We first must consider whether plaintiff's failure to contact the EEOC for a year to inquire about her claim constitutes a lack of diligence. By October, 2001, she had done her part, and she was waiting for the EEOC to take the next step. Plaintiff was unrepresented by counsel. It is common knowledge that the wheels of government often move slowly, particularly with an overburdened agency such as the EEOC. Up to a point, it is fair for any plaintiff to assume that the EEOC is doing its job properly. We will not fault this plaintiff under the present circumstances for waiting a year to check on her claim.

  In any event, Eagle has come forth with no evidence demonstrating how it has been prejudiced by this one year delay. It did produce an affidavit that defendant Gregory Smith is no longer an employee of Eagle, but it says nothing more about how this adversely affects Eagle's defense. Indeed, Eagle's counsel is representing him in this lawsuit. Eagle also baldly asserts that memories have faded in the meantime, but again it has produced no affidavit or other evidence describing any of the specifics.

  Without any harm shown by Eagle, the defense of laches fails, and equitable tolling carries the day. See Morgan, 536 U.S. at 121-22. Accordingly, we will deny Eagle's motion for summary judgment (incorrectly denominated as a motion to dismiss) as to plaintiff's claim under Title VII because the deadline for filing a formal charge of discrimination with the EEOC was equitably tolled.

  Eagle next moves to dismiss the claim under the Pennsylvania Human Relations Act ("PHRA"), again for failure timely to file an administrative claim. 43 Pa. Cons. Stat. Ann. §§ 951 et seq. The record is devoid of any filing or even contact with the Pennsylvania Human Relations Commission ("PHRC") until November 8, 2002. This is clearly outside the one hundred eighty day time period mandated under this statute. See 43 Pa. Cons. Stat. Ann. § 959(h). Plaintiff makes no argument that she was misled or otherwise entitled to equitable tolling with respect to any filing with that agency. Since plaintiff has not established that she filed her charge or its equivalent with the PHRC within the required one hundred eighty day window, her judicial remedies under the PHRA are time barred. See Woodson, 109 F.3d at 925; Zysk, 225 F. Supp.2d at 493-94.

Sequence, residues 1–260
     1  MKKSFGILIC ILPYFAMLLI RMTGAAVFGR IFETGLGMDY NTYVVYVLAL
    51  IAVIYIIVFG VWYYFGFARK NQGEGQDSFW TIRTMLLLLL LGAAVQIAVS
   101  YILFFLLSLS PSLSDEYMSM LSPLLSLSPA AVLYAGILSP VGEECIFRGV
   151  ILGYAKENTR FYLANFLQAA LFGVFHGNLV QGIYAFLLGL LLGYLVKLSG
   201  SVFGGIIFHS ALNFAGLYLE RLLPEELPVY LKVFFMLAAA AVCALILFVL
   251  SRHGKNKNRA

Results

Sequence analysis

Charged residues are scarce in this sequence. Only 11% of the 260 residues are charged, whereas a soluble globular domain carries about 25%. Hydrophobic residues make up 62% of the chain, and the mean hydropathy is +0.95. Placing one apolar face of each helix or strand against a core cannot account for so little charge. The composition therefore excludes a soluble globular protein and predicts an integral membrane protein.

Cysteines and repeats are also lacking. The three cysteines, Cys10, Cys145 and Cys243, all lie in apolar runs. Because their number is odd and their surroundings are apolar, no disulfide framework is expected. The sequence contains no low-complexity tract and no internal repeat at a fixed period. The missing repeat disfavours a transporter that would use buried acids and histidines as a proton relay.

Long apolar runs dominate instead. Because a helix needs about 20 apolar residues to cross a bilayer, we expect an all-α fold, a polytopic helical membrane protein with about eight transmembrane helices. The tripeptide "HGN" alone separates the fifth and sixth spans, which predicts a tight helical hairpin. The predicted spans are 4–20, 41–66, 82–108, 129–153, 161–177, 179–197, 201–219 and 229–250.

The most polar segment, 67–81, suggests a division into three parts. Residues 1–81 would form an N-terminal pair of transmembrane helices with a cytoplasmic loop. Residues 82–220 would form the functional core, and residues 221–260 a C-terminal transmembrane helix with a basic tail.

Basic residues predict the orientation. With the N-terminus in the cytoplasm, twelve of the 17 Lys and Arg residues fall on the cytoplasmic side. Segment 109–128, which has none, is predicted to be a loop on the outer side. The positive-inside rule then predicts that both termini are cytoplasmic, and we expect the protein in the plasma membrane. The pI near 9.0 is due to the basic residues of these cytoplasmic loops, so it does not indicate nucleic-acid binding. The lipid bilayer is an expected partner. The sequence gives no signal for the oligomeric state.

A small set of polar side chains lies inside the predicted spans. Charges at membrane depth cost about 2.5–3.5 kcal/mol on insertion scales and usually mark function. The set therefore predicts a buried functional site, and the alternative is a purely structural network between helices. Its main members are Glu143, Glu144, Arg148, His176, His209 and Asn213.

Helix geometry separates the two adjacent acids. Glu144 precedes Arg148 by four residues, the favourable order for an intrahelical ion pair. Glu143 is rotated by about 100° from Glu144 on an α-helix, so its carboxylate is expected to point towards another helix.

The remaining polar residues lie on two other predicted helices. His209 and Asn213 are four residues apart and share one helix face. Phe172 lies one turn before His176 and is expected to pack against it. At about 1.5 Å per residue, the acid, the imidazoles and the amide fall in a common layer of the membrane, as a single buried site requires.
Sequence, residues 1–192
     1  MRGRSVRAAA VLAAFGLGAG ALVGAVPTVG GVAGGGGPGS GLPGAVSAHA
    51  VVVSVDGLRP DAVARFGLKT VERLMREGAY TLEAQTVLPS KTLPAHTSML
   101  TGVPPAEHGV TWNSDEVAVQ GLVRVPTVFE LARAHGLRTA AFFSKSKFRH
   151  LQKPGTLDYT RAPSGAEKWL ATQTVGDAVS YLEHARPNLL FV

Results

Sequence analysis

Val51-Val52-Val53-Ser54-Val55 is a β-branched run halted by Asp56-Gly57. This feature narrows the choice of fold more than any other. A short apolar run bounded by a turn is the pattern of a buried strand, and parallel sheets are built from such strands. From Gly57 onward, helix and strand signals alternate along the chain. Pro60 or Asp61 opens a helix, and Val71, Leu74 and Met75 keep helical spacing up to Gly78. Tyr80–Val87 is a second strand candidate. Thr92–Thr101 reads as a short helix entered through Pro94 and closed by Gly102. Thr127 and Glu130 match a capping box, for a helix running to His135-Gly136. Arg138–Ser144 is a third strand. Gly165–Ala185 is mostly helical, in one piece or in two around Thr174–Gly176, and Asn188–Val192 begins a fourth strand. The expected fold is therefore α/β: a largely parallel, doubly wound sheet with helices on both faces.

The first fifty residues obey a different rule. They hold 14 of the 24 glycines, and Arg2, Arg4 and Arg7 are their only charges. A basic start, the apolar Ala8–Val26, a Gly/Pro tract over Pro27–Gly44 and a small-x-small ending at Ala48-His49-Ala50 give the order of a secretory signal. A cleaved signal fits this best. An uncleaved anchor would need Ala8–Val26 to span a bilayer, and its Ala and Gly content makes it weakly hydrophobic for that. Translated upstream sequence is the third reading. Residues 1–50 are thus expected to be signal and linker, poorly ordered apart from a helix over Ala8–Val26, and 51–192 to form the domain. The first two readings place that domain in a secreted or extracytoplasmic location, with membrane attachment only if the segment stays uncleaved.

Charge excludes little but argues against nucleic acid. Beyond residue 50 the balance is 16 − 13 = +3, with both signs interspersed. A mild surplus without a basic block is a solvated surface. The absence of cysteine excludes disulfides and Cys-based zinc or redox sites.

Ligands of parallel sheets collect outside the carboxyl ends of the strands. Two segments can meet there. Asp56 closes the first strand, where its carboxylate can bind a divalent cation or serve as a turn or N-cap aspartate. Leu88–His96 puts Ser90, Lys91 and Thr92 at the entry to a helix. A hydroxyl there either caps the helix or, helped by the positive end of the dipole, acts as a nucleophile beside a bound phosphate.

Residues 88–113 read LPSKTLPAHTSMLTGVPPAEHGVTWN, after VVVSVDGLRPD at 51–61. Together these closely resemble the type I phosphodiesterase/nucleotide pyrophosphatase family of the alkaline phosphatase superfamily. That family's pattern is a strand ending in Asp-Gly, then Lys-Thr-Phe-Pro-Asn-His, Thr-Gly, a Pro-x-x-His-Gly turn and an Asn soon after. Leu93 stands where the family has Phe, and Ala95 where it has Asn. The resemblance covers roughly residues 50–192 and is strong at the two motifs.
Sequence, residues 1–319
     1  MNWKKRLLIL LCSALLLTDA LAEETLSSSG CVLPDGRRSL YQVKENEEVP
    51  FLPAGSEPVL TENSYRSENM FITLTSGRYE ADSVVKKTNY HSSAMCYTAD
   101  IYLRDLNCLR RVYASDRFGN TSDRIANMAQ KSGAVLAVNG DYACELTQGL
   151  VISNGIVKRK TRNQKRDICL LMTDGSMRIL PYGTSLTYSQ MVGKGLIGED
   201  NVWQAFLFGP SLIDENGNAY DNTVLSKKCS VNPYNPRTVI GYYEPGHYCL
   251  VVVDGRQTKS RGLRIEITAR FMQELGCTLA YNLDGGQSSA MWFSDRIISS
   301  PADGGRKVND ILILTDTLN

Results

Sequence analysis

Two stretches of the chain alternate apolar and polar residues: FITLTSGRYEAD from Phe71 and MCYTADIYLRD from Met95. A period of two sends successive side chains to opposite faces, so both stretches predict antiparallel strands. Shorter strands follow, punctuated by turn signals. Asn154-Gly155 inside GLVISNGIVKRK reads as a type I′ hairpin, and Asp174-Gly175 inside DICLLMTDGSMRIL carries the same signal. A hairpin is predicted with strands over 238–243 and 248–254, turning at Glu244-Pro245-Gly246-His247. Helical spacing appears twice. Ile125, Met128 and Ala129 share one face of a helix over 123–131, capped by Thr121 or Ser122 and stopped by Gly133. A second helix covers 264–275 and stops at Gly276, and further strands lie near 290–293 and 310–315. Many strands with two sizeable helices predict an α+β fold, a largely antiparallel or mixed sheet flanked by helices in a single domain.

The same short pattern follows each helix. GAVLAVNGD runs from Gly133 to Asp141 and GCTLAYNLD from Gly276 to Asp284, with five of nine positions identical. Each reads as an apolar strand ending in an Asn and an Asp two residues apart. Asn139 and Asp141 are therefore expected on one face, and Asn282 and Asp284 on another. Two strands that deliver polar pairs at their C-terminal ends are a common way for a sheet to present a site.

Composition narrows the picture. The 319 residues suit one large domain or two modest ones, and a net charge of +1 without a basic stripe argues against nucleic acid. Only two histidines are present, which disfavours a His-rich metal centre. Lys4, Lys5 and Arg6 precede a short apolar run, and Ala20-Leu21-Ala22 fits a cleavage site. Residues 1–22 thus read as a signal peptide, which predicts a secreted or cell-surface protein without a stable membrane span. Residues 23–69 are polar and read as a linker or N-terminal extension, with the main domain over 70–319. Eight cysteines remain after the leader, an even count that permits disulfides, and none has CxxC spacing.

Defendant Lawrence Nagelberg, an employee of Eagle, moves to dismiss the complaint alleging common law assault and battery on the ground that it is barred by the two year Pennsylvania statute of limitations. Lake v. Arnold, 232 F.3d 360, 368 (3d Cir. 2000); 42 Pa. Cons. Stat. Ann. § 5524(1). Again, we note that plaintiff resigned from her job on June 12, 2001. Any tort had to have been committed by that date. The complaint was not filed until March 19, 2004, over ...

Buy This Entire Record For $7.95

Download the entire decision to receive the complete text, official citation,
docket number, dissents and concurrences, and footnotes for this case.

Learn more about what you receive with purchase of this case.